On an individual level, hybrid animals sometimes have reproductive, health or behavioral issues due to their genetics. Ecologically, hybrids blur the lines of species and pose problems for conservation.
A hybrid is the offspring of parents from two distinct species or subspecies. Many species, because of genetic or behavioral differences, do not or cannot interbreed to produce viable offspring. However, in some cases two species are similar enough genetically to create hybrid offspring. Some hybrids, like mules, are sterile. Mules result from a cross between a female horse and a male donkey. While the mule itself can reach healthy adulthood, it is typically incapable of producing gametes of its own and does not reproduce.
A liger is a hybrid between a female tiger and a male lion, and it is often larger than either parent. Ligers are prone to health problems and birth defects, and many do not survive into adulthood. It is also difficult for the tiger to give birth to her hybrid cubs; their large size may necessitate a C-section for the mother.
Hybrid animals may also exhibit unpredictable behavior. One famous example is the wolf hybrid, which is a cross between a domestic dog and a wolf. Few peer-reviewed papers have been written on the topic of wolf hybrid behavior, and the animals are surrounded by a great deal of controversy. Some owners claim their hybrids are gentle, shy animals, while other anecdotes point to wolf hybrids being unpredictable and dangerously aggressive. Some of the problems arise from the fact that dogs have been domesticated for 15,000 to 30,000 years and, in that time, have been selectively bred for specific behavior patterns that are beneficial to owners. The conflicting genetics of a wolf-dog cross leads to unpredictability. Wolf hybrids are also likely to see their owners as their pack, and care must be taken on the part of the owner to assert himself as the dominant pack member.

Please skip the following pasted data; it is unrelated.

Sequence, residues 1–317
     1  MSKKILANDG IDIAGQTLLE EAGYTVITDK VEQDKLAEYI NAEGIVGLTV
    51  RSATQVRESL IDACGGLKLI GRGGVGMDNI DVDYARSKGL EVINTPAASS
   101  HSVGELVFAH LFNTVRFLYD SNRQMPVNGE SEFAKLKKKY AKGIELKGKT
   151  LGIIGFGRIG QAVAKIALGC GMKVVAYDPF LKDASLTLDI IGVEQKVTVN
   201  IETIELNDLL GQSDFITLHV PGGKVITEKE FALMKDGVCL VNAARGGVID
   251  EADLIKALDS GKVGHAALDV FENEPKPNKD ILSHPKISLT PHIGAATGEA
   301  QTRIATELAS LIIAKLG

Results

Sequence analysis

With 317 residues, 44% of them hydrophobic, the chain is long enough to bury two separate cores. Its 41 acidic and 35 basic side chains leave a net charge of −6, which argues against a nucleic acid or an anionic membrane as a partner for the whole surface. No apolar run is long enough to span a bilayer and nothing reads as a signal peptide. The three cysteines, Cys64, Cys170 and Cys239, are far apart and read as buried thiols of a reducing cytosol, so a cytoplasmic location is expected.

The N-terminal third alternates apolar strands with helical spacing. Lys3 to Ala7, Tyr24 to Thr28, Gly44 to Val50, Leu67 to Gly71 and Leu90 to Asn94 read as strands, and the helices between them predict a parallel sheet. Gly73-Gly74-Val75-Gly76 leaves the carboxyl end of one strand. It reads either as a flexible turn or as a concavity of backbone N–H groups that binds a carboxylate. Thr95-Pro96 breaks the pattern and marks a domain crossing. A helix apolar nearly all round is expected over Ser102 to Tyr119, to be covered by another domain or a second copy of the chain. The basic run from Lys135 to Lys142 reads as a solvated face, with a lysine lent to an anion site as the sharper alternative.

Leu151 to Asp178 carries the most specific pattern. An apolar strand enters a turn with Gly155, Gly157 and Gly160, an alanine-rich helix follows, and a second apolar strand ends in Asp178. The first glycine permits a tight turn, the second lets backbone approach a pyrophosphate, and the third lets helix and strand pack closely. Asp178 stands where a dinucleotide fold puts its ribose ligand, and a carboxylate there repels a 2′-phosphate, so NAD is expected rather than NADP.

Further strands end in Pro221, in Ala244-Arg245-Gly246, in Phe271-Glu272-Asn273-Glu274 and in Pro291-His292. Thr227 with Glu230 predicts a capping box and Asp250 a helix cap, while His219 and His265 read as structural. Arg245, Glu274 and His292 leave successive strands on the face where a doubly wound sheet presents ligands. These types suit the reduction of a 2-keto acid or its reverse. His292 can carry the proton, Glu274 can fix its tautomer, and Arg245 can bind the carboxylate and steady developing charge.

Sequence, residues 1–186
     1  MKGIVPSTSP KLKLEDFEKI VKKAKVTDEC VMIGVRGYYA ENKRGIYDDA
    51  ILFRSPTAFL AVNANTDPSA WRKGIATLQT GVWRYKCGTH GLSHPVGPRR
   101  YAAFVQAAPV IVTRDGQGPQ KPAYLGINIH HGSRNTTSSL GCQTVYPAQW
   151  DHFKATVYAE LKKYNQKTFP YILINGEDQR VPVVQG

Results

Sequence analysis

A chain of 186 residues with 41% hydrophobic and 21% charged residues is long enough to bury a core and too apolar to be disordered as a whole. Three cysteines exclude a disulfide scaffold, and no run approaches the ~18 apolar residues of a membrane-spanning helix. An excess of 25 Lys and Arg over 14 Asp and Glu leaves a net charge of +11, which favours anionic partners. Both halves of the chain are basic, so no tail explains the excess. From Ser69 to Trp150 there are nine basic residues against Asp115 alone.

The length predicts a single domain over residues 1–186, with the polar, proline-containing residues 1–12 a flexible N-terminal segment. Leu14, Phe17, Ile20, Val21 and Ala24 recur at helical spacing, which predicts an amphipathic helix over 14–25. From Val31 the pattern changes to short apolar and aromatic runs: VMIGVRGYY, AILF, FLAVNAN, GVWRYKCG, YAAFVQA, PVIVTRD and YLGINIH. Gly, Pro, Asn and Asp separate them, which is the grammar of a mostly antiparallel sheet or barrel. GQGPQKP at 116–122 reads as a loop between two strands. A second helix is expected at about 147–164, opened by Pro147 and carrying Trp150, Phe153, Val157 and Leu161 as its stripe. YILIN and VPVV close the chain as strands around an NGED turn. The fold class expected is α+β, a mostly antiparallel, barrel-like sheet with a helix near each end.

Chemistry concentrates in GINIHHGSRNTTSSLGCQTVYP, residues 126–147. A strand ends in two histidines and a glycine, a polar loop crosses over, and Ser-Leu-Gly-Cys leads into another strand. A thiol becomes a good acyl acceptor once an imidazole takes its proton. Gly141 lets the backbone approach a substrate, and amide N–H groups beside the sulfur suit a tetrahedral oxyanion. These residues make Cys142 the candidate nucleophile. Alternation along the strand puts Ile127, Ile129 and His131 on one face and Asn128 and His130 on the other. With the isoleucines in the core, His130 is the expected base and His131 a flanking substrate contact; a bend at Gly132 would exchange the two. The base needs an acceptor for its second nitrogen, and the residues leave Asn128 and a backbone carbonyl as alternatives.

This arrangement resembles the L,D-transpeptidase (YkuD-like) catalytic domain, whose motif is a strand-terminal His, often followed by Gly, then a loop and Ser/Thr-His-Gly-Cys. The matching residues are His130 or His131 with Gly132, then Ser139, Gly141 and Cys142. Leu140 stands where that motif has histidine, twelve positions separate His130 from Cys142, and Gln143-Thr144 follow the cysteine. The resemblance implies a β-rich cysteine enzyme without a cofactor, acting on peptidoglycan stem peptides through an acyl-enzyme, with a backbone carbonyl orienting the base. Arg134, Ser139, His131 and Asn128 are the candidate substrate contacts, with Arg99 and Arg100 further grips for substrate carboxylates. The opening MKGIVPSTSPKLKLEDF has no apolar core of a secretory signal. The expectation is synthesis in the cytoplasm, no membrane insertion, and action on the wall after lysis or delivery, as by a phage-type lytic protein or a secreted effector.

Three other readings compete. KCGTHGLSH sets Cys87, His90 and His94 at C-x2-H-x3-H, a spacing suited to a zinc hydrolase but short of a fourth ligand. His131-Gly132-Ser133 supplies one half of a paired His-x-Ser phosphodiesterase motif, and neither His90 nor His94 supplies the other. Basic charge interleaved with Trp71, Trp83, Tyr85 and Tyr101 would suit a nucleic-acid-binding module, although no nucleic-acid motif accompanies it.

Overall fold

A larger scale problem of hybridization comes from wild hybrids. Some species of wild waterfowl, for instance, can easily interbreed with domestic counterparts. This can muddy the genetic waters of a species, in some cases to the extent that a species is in danger of extinction through hybridization. This issue is not by any means limited to waterfowl. The Scottish wildcat is in danger of extinction because of hybridization with feral domestic cats.